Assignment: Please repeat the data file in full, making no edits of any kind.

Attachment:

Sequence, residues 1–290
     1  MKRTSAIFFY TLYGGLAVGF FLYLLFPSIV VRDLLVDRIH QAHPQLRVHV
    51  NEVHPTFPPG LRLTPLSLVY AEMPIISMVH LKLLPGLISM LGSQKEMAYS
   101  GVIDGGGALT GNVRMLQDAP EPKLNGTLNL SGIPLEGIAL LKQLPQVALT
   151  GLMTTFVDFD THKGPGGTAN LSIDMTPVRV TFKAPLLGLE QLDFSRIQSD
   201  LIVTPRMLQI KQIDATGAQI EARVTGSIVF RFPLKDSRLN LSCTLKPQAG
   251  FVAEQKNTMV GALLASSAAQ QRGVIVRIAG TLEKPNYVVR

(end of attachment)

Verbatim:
Sequence, residues 1–290
     1  MKRTSAIFFY TLYGGLAVGF FLYLLFPSIV VRDLLVDRIH QAHPQLRVHV
    51  NEVHPTFPPG LRLTPLSLVY AEMPIISMVH LKLLPGLISM LGSQKEMAYS
   101  GVIDGGGALT GNVRMLQDAP EPKLNGTLNL SGIPLEGIAL LKQLPQVALT
   151  GLMTTFVDFD THKGPGGTAN LSIDMTPVRV TFKAPLLGLE QLDFSRIQSD
   201  LIVTPRMLQI KQIDATGAQI EARVTGSIVF RFPLKDSRLN LSCTLKPQAG
   251  FVAEQKNTMV GALLASSAAQ QRGVIVRIAG TLEKPNYVVR